Implications of Following

But you do not mind in the least. You, like everyone else, are totally focused on the man who was just baptized. And so, as you come up out of the water, without even pausing to take any of your possessions, you set out following Jesus as he climbs the riverbank heading towards the wilderness.

And now it is later. It is hard to say exactly how much later because the timeline in Mark’s Gospel is far from clear. But a lot has happened. And all this time you have followed Jesus as closely as possible. You are not one of those disciples that people talk about. You are not a Peter or James or a Mary Magdalene. But you have listened to everything that he has taught. You’ve tried to do your best to follow.

When, for example, Jesus had that encounter with the rich young ruler who wanted to know how to enter the kingdom of God, and Jesus told him that he needed to “go, sell what you own, and give the money to the poor, and you will have treasure in heaven; then come, follow me,” (Mark 10:17) the rich young man could not handle such a demand. He chose not to follow.

But you did. You didn’t necessarily have a whole lot to sell and give away, but you gave what you could. You gave what you had left. And if it left you wearing little more than a linen garment wrapped around a naked body. But you were okay with that.

Final Test

And now he has come up to Jerusalem. And things have been looking real bad for about a week. When you are all together in the garden at Gethsemane, it finally comes to a head. There is an entire crowd with swords and clubs, from the chief priests, the scribes, and the elders and they are coming for him.

This is finally it. This is the great test of what it means to follow Jesus. And as you stand there, trembling with terror, you look to those big-name disciples. You look to Peter, James and John, and you see that they are all shaking with the same fear that you feel.

Who Will Follow?

But surely, you think to yourself, as terrifying as this situation is, they will not abandon him. He called them to follow him and that means even at moments like this – maybe especially at moments like this. But as you stand there, mouth agape, they do it. They break and they start to run in every direction. They are gone.

And you stand there amazed and terrified. Could it be possible? Could you really be the only one? And you feel a determination come over you. Yes, you will follow. You have to follow especially now. As they start to drag him off, you move with determination to follow closely.


A naked man running away (you can only see the legs!)

He turns and for a moment he catches your eye. And in that moment, you understand that he sees you, that he knows of your commitment and love for him. He knows that you will follow him anywhere. He nods his head in blessing, but then he shakes it, and you understand him to be saying that here you cannot follow. Not yet.

That is the moment when one of the ruffians in the crowd notices you trying to follow. There is a cry. Several hands reach out to grab your loosely wound linen garment. You turn and, as you turn, you can feel the cloth unwinding. In a moment you are free. You are running naked in the garden. The men cry out to you with mocking and cursing. But, perhaps unsurprisingly, none of them seems inclined to set out in pursuit. You are free, perhaps freer than you have ever been.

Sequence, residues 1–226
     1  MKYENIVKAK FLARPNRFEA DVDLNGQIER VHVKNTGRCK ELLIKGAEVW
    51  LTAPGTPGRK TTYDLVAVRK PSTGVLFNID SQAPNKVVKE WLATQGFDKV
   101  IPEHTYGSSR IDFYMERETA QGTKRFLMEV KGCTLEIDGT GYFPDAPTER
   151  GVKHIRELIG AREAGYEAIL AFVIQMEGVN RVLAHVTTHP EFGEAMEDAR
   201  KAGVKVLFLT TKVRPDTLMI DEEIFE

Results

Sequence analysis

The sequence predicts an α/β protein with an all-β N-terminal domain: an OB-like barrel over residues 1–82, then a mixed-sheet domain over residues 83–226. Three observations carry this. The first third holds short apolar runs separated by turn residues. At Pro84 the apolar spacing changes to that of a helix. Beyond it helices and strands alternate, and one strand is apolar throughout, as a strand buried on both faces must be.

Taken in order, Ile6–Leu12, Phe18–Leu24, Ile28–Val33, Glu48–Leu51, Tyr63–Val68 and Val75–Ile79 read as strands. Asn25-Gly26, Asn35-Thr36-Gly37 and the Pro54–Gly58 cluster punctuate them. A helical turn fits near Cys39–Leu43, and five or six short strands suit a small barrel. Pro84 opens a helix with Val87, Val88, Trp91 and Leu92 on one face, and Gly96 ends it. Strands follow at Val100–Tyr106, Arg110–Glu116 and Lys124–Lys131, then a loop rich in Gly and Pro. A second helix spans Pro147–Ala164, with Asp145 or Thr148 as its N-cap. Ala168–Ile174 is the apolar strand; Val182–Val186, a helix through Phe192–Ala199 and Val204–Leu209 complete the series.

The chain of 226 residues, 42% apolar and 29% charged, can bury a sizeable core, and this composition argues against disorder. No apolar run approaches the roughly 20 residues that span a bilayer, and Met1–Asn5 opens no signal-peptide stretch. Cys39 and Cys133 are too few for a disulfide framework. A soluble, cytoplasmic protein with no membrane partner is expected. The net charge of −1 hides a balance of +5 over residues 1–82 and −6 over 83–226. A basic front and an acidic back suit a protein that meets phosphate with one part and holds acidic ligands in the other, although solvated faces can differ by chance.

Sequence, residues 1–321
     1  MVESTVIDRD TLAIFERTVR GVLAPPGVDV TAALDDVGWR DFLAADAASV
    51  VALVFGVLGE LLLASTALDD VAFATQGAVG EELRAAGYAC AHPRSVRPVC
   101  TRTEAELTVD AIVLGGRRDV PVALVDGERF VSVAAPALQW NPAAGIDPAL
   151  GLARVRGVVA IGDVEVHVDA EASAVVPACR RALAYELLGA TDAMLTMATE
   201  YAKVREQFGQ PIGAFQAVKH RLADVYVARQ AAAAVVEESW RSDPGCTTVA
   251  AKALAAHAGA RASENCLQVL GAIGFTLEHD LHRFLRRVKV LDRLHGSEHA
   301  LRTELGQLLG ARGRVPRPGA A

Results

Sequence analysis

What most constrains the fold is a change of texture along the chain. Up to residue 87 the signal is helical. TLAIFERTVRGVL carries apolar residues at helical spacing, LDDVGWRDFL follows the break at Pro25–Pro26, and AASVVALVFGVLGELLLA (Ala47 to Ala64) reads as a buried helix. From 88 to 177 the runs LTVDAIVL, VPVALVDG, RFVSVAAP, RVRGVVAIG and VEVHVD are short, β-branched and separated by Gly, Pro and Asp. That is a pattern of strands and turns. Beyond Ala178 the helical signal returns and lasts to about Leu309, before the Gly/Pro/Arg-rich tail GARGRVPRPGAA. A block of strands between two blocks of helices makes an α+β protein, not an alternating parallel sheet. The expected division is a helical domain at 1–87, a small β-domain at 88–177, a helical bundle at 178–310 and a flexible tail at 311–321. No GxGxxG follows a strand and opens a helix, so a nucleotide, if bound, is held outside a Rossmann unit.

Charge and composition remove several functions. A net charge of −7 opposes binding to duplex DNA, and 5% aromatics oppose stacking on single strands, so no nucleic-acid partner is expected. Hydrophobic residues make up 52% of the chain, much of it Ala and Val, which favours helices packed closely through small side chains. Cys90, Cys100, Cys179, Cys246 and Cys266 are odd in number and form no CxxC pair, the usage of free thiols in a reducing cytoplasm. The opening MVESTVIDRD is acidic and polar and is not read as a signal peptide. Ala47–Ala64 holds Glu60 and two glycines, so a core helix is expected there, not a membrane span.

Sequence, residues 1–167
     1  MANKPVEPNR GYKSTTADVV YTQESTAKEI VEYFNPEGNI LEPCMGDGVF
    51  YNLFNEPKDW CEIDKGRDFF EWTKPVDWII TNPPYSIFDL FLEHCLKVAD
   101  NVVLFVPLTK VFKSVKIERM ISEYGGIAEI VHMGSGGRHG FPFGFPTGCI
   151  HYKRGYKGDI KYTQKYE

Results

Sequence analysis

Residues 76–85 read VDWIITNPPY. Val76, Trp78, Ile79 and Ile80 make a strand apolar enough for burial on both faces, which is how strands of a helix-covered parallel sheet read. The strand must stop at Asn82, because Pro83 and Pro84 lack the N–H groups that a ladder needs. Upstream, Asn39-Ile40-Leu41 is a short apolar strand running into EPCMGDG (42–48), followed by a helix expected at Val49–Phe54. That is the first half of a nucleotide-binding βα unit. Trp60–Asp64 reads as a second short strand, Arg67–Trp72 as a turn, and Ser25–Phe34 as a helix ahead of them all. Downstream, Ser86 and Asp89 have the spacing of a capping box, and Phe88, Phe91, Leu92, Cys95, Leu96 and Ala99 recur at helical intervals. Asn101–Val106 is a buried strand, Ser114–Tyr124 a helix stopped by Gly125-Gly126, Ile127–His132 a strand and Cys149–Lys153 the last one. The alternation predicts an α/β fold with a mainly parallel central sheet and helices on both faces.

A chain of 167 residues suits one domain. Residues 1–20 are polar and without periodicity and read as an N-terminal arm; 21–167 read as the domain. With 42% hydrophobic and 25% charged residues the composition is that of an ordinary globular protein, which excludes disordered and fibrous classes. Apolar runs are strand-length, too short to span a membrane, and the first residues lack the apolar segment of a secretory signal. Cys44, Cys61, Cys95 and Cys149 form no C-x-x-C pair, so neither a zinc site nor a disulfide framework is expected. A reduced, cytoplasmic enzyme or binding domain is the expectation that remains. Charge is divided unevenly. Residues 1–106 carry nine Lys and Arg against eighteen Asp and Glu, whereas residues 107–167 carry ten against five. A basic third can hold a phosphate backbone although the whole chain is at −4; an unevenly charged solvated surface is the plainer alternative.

You know that, as you run, there are all kinds of things that you should be feeling. You should feel the shame of public indecency. You should feel the humiliation of being on display. But you feel none of it. Having let go of your last possession on earth, you feel as if every weight has finally dropped away. You feel as if you have come newborn into the world.

The Following Days

The next couple of days are very difficult. There is no place you can go where people will not reject you. You dare not go into the city or any settled habitation. You end up walking through the pathless wilderness and find a place to sleep in the hedges. The next days are spent wandering about, always being careful to avoid being seen by any passing humans.

The Burial Ground

Eventually, you are so desperate to find a little bit of shelter that late into the night you decide to head for the burial ground outside the city. Very early in the morning, before the sun has even started to rise, you look around the graves and are able to dimly make out what looks like a newly hollowed-out tomb.

Amazingly it seems to be open. The stone that would normally be placed at the entrance to keep out wild animals is rolled off to one side. And so, you enter in, glad to find the shelter. And there, in the place where a body would be laid – should be laid – you find nothing but a folded white linen cloth. Grateful to find something to wear, you quickly take it and wrap it around your body. For the first time in days, you feel almost normal.

That is when you hear footsteps approaching. A small group of women are coming to the tomb. You are amazed to recognize them. They are women who also followed him up to Jerusalem. As they approach, everything comes together in your mind and in your spirit and you know what you need to say to them.

A Stand-in for the Reader

Who was the strange young man in the garden who ran away naked? We may never know. But I don’t think that he is meant to represent the author of the gospel, nor any particular disciple. I suspect that Mark wrote him into the Gospel as a stand-in for you, the reader. He wanted you to imagine yourself in the scene. He wanted you to ask yourself what you might have done.

In particular, he wanted you to ask what it might mean for you to follow Jesus – to truly follow Jesus – and what that might mean in your life. This young disciple is all of us – or at least who all of us could be if we choose to follow him closely as a habit in our lives.